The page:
Maximizing AI effectiveness and performance improvement in mobile networks

The notion of causality is considered essential for portraying general intelligence as it involves comprehending cause-and-effect relationships between events or variables. It enables outcome predictions, informed decision-making, and intervention for desired results—critical skills indeed in any domain! Therefore, an interest in integrating causality into AI has been growing, aiming at incorporating concepts and methods that allow for understanding and reasoning about cause-and-effect relationships within AI systems. By embodying a causal foundation, AI-based systems have the potential to enhance their prediction robustness, enabling them to maintain accuracy across contexts and scenarios. This paradigm will facilitate the development of AI systems with reusable mechanisms, allowing for adaptation to new environments or tasks. In fact, the development of such capabilities, particularly in generalization and scalability, are fundamental challenges for an AI-native generation of wireless networks such as 6G.

In the context of mobile networks, exploring causality in network performance and configuration becomes extremely appealing for developing robust automation mechanisms for network operation, management, and optimization. In this regard, devising data-driven and causal-based approaches that leverage AI techniques to identify well-grounded network performance optimizations holds great promise for mobile operators. Cyient’s Celfinet has been actively exploring these topics through its research. Causal-based approaches for network performance optimization should evaluate existing network performance patterns and determine possible causal associations with explanatory factors for the observed performance patterns. The identified causal associations enable the implementation of targeted network optimization actions to enhance overall network performance.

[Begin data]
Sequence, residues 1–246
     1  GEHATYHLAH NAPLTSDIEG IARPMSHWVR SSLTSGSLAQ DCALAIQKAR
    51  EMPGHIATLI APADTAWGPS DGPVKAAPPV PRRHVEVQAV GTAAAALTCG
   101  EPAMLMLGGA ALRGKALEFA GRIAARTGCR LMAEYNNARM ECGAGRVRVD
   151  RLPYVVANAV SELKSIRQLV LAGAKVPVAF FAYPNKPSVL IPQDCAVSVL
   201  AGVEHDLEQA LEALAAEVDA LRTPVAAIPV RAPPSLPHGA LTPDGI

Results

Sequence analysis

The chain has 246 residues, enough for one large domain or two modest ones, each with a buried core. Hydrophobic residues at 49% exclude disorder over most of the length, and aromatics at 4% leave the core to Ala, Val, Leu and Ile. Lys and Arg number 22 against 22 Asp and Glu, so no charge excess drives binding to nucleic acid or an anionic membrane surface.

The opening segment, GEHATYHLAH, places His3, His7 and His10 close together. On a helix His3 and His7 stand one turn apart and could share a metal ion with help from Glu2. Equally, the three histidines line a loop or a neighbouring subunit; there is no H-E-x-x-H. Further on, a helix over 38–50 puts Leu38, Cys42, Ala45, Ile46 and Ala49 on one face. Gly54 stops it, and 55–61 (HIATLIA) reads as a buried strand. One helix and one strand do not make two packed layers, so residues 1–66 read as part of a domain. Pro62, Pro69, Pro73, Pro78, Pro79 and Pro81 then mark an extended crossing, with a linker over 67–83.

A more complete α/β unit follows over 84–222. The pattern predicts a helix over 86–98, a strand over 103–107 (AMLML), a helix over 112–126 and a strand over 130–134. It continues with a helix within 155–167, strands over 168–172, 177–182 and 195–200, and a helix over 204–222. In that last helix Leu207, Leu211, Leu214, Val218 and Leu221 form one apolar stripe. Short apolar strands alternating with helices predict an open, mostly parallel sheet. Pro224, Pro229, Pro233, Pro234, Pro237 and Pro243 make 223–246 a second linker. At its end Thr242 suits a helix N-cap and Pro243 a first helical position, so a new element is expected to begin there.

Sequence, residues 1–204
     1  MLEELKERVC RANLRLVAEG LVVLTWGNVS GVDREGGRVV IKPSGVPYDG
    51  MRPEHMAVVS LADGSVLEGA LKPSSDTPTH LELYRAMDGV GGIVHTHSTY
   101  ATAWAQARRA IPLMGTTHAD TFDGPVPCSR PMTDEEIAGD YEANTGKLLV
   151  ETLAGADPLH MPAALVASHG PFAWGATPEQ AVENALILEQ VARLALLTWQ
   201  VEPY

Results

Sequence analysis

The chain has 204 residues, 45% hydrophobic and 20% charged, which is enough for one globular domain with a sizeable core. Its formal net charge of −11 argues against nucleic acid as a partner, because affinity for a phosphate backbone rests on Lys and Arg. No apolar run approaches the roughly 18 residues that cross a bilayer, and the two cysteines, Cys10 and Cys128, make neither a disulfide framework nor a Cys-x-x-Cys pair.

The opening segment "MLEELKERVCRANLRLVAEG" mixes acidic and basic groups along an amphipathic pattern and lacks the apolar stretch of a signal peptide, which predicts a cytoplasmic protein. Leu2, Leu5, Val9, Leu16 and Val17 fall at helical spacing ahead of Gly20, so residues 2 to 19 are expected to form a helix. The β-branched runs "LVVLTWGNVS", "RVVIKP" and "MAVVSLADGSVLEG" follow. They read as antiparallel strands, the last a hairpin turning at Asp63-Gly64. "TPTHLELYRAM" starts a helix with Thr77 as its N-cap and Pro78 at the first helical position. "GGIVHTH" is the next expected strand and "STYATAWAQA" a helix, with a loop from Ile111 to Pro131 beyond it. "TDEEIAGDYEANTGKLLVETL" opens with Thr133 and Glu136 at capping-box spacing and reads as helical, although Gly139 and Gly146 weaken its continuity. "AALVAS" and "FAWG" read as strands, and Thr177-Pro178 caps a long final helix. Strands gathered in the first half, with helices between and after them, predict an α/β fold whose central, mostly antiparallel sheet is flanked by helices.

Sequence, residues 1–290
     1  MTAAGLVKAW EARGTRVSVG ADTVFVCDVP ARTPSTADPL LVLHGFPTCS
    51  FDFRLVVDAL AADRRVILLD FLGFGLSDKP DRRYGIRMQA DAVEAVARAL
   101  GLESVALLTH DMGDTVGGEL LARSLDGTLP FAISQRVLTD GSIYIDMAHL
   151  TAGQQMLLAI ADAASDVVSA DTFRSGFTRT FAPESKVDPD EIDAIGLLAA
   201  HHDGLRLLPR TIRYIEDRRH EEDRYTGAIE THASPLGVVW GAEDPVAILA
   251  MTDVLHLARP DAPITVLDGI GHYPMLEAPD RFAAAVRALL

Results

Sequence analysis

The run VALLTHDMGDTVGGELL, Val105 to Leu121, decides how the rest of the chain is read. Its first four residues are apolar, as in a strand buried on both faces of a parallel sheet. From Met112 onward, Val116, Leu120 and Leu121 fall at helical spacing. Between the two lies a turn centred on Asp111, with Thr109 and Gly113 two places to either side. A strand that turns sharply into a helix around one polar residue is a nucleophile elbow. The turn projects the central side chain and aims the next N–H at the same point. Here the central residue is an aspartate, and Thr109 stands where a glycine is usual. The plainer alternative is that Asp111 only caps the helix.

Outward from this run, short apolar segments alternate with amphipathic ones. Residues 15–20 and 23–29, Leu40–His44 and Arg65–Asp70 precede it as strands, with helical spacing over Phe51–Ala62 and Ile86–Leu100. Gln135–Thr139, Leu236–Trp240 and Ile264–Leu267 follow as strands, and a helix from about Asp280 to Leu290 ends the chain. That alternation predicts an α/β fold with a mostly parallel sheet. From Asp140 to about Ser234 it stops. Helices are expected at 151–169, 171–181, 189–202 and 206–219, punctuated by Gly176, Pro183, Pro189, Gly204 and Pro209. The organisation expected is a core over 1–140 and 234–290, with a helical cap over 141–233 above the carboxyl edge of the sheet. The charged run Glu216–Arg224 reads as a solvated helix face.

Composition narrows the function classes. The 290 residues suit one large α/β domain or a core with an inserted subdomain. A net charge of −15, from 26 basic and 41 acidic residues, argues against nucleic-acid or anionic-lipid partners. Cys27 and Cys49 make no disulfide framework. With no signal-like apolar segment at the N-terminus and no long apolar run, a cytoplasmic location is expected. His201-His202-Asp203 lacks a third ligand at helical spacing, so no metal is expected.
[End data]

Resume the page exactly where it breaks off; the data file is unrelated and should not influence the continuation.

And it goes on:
The way forward

The increasing demand for mobile networks, combined with their growing complexity, necessitates innovative solutions to manage and optimize network performance. AI emerges as a transformative tool in this context, empowering network operators with advanced automation and innovation capabilities. AI holds significant importance, whether by providing novel approaches to well-known problems like path loss modeling or establishing the groundwork for innovative approaches in network optimization. Celfinet, a Cyient company, seeks to continue exploring these advancements, paving the way for a future of highly efficient and optimized mobile networks. As AI continues to evolve, its integration with mobile wireless networks holds tremendous potential for maximizing effectiveness and driving significant performance improvements.

 

About the author

Marco Sousa is a research lead at Celfinet, a Cyient-owned company, working for the past eight years in its research department. He specializes in AI and its application to mobile networks. With a deep understanding of mobile communications and a strong background in AI, Marco leverages his expertise to drive innovation in the field. He recently earned his Ph.D. at Instituto Superior Técnico (IST), Lisbon, with research work focused on AI and mobile networks.